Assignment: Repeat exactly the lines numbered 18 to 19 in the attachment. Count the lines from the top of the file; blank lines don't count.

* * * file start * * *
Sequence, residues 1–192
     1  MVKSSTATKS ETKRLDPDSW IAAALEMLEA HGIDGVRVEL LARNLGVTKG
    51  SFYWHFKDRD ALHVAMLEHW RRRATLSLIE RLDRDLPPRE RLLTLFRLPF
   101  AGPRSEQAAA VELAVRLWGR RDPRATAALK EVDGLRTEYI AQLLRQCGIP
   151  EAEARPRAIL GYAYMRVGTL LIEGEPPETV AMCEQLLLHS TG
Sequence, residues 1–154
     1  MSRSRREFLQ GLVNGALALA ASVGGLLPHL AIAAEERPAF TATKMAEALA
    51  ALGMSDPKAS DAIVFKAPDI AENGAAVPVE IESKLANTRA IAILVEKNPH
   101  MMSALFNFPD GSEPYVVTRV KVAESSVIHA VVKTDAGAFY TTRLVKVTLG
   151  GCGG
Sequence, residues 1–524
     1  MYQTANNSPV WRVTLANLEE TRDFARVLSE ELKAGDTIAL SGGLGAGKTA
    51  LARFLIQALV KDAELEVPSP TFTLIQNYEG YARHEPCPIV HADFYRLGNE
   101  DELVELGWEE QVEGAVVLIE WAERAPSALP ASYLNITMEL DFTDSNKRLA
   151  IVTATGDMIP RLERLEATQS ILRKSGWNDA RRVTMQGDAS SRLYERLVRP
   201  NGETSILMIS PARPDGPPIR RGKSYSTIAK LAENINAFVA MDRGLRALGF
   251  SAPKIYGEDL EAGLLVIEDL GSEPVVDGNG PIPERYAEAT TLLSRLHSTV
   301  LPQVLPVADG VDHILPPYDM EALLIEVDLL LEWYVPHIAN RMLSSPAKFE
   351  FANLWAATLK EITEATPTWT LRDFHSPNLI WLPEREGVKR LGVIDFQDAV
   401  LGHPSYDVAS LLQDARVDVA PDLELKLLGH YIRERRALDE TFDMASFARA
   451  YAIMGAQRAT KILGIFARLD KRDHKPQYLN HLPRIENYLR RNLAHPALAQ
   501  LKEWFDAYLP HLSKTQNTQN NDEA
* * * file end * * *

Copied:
   301  LPQVLPVADG VDHILPPYDM EALLIEVDLL LEWYVPHIAN RMLSSPAKFE
   351  FANLWAATLK EITEATPTWT LRDFHSPNLI WLPEREGVKR LGVIDFQDAV